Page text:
Edge Zone Principles and Considerations

The edge zone, which is sometimes referred to as the "curb zone," is the interface between the traveled way and the furnishing zone and provides an operational offset to:

Streetside Zones

A Avenue, Lake Oswego, OR

A Avenue is classified as a major arterial thoroughfare located in a general urban context zone (C-4) in Lake Oswego's downtown central business district and civic center area. Downtown land uses consist of low to medium density commercial mixed use (office over retail/service) with low to medium density residential located one block from A Avenue. The ground floor uses are primarily commercial with a mix of retail, services and restaurants.

Although the streetside on A Avenue is narrow, it contains distinct zones for edge, furnishing, clear through-way and frontage. The edge zone is about 18 inches, allowing an operational clearance for opening car doors.

The furnishings zone (4-5 feet) contains street trees in wells with decorative grates, light standards, shrubs in moveable planters, seating and a collection of public art.

Underground utilities and vaults are also located in this zone. The clear throughway ranges from 5-8 feet and the frontage zone (about 2-3 feet) contains planters, window shopping areas and seating for outdoor cafes.

Photo from sidebar of Streetside Zones - A Avenue, Lake Oswego, OR. This image is a photo that depicts a commercial/retail area with shops, sidewalk and various furnishings such as shrubs, decorative plants and in some cases even public art. See description in Streetside Zones sidebar text above.Photo from sidebar of Streetside Zones - A Avenue, Lake Oswego, OR. This image is a photo that depicts a commercial/retail area with shops, sidewalk and various furnishings such as shrubs, decorative plants and in some cases even public art. See description in Streetside Zones sidebar text above.Photo from sidebar of Streetside Zones - A Avenue, Lake Oswego, OR. This image is a photo that depicts a commercial/retail area with shops, sidewalk and various furnishings such as shrubs, decorative plants and in some cases even public art. See description in Streetside Zones sidebar text above.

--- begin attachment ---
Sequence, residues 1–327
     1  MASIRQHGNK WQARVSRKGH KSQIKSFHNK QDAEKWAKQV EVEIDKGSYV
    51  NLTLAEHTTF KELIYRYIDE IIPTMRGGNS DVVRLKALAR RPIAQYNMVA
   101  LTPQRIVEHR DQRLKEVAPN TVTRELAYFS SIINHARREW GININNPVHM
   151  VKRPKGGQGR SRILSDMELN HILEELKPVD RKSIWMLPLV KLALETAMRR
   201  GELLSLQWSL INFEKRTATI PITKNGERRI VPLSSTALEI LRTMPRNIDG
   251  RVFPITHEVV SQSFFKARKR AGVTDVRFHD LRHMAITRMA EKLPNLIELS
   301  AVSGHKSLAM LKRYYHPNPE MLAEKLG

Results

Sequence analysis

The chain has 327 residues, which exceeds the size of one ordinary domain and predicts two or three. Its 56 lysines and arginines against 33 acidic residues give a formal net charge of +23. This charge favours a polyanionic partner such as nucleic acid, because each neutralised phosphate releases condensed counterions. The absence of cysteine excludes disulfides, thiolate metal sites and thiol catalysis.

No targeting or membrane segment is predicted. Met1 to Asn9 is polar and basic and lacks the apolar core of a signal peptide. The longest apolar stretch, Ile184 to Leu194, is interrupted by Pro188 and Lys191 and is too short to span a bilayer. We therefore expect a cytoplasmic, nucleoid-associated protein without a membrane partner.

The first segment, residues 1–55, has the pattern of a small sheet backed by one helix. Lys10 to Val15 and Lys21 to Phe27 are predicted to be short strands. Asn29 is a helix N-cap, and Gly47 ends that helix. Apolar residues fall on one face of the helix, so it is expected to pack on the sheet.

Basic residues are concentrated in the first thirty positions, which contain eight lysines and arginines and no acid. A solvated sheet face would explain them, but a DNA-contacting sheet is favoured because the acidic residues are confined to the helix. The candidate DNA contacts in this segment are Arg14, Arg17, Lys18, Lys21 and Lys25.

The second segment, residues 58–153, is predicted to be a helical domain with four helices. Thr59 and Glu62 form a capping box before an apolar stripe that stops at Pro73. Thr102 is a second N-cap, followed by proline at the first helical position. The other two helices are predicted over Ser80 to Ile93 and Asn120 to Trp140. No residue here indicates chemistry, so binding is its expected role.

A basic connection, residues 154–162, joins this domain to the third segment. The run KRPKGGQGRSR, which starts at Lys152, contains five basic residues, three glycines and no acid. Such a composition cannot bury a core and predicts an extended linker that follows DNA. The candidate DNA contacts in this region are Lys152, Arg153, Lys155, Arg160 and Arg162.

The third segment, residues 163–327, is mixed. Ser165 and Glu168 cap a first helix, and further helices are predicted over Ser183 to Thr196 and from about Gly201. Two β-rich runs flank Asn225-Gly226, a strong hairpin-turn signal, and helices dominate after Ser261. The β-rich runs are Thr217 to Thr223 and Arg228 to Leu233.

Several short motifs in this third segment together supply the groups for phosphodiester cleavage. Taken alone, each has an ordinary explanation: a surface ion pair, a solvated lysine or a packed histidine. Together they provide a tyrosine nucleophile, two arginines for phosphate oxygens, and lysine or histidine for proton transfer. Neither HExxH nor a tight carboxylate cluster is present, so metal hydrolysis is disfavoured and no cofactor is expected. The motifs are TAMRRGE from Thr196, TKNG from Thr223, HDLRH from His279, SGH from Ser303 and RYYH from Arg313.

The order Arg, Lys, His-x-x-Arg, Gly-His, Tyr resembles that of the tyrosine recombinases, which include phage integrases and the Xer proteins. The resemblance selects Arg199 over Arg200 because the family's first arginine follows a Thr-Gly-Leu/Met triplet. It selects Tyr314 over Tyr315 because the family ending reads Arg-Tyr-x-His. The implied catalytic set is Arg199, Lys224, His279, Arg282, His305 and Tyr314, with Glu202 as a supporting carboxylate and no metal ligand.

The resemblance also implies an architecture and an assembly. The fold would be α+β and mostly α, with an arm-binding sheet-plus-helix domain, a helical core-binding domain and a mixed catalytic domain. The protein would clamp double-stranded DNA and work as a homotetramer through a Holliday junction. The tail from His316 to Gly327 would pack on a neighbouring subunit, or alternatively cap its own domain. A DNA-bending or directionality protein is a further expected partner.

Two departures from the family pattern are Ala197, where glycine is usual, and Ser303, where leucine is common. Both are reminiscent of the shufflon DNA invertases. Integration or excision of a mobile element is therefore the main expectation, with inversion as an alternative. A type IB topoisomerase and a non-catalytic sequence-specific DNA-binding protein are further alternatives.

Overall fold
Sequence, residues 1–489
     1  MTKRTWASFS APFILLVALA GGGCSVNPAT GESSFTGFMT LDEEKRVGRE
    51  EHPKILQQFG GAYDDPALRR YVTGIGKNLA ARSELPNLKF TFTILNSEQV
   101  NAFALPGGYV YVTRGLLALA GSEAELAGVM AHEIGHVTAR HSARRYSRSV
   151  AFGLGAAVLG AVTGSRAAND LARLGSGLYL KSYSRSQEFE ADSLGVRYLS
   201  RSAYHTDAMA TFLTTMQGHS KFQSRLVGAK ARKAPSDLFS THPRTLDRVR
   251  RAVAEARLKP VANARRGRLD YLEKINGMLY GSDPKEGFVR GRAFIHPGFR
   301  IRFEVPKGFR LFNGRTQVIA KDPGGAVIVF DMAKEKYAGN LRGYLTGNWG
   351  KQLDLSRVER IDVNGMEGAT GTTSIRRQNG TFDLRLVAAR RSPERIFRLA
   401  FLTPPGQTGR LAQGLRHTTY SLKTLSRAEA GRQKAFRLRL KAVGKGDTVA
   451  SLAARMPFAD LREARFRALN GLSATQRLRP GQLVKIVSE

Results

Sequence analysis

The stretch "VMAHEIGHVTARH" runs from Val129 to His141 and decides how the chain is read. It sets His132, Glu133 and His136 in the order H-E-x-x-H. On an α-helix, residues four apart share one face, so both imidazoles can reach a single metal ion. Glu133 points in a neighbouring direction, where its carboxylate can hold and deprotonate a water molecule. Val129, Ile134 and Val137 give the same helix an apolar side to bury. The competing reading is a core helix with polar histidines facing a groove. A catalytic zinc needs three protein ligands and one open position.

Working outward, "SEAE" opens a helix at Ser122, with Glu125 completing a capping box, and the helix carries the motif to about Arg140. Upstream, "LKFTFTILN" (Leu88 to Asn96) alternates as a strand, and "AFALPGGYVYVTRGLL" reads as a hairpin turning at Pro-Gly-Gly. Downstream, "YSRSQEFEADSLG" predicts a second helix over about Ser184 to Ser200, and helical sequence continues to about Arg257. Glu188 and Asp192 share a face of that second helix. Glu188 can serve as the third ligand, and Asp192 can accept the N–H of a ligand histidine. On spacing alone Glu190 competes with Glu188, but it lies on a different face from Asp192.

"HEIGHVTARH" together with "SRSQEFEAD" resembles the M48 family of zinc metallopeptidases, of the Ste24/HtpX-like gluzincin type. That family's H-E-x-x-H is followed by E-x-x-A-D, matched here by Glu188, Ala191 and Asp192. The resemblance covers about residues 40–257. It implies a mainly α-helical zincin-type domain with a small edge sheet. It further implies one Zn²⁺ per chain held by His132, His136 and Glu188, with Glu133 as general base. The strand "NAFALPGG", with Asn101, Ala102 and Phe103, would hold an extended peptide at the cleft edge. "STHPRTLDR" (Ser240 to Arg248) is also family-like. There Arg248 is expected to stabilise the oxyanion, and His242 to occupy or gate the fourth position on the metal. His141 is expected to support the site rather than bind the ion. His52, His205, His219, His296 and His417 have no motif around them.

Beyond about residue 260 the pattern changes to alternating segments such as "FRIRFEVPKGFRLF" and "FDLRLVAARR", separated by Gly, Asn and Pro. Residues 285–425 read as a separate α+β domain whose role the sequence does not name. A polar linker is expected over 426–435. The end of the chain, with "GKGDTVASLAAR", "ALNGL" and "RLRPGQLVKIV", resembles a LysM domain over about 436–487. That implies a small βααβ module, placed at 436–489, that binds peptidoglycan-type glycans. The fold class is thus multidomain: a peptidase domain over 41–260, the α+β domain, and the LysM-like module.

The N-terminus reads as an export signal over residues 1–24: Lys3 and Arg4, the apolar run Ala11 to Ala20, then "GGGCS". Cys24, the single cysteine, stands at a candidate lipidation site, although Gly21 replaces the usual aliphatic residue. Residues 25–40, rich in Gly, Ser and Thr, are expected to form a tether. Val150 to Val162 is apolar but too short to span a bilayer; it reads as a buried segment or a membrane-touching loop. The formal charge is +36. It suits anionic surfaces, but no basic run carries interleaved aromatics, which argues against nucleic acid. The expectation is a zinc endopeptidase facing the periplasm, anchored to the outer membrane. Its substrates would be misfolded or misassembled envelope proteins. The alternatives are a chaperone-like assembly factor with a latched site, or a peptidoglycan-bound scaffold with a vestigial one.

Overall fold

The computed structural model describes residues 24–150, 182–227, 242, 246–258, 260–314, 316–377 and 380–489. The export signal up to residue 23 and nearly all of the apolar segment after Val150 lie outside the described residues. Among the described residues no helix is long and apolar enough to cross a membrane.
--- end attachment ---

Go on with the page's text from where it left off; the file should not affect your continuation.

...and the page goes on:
Other principles and considerations include:

Photo of pedestriam throughway with bus stop, trees and other furnishings. Utility poles and other fixtures should not interfere with the pedestrian throughway.

Figure 8.5 Utility poles and other fixtures should not interfere with the pedestrian throughway. This example shows a bus shelter and other street furniture properly located in the furnishings zone. Source: Kimley-Horn and Associates, Inc.

Furnishings Zone Principles and Considerations

The furnishings zone is the key buffer component between the active pedestrian walking area (throughway zone) and the thoroughfare traveled way. Principles and considerations concerning furnishings zones include the following:

Throughway Zone Principles and Considerations